Consider how your user will experience your product, from beginning to end. You want to create a user story for each step they take in the process of using your product. 

For example, a ridesharing app should have stories for:

  • Logging into or registering for an account,
  • Choosing the desired service,
  • Entering location and destination addresses, and 
  • Inputting payment options.

4. Create Story Maps 

User story mapping is the process of visually organizing your user stories to get a high-level overview of all the ways that a user might interact with your product. By engaging in story mapping after you’ve built out your user stories, you can get a better idea of which features to prioritize and what the high-level goals of your product are. 

Story mapping also helps you understand the user journey, and whether this journey is helping create a positive user experience for the people who use your product.

What Makes a Good User Story?

In his 2003 book, Extreme Programming Explored, Bill Wake describes what makes for effective user stories using the mnemonic INVEST: Independent, Negotiable, Valuable, Estimable, Small, Testable.

Here’s how each one of these criteria contributes to making a good user story:


Effective user stories have as little conceptual overlap as possible with each other. This makes it easier to decide the priority level of each story because it always refers to only one specific feature.


A good user story is not a specific description of a feature, but rather what it allows the user to do. This means that it’s the product of negotiation or collaboration between the customer and the product team. 

You don’t want your story to be fixed in stone. Instead, it should be a guide for your product team to decide how to approach implementing the feature in the best way possible to give users the benefits they want.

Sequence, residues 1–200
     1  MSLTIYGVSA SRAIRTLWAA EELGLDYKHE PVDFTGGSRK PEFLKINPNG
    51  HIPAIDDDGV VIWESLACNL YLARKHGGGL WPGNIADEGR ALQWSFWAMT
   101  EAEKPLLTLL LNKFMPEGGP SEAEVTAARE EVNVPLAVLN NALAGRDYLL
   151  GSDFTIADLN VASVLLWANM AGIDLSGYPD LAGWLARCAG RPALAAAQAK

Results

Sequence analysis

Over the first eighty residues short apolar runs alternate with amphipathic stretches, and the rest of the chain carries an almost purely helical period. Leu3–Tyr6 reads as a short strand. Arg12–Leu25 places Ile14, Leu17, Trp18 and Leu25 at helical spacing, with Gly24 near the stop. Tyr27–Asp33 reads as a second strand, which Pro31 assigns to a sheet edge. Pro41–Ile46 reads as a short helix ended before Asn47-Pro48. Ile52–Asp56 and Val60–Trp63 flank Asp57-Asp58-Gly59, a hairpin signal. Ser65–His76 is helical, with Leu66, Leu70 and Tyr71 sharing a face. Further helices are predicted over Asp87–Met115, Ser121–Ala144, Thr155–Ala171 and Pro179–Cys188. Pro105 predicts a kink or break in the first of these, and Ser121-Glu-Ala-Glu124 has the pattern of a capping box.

A user story needs to describe how a particular feature will create value for your target audience. That’s why every effective story concludes with a specific example of the value or benefit which it produces for the end-user. 


Your product developers must be able to estimate how much effort or resources a user story will take to complete. Otherwise, it becomes impossible to efficiently manage the activities needed to implement a single feature, let alone many of them. 

If you’re not able to estimate timeframes or costs accurately, it probably means that your story hasn’t been defined clearly enough.


Each user story needs to be small, taking a single person a maximum of a few weeks to finish. In this case, “finishing” means designing, programming, and testing the feature that completes the user story. 


Your user stories need to have metrics that indicate that they’ve been correctly implemented. In other words, everyone needs to have quantifiable acceptance criteria.

A User Story For Every Feature

User stories are important because they ultimately describe what your users want to do. Put together, your product’s user stories outline a cohesive narrative of value, which wouldn’t be reflected in a technical list of its features and requirements.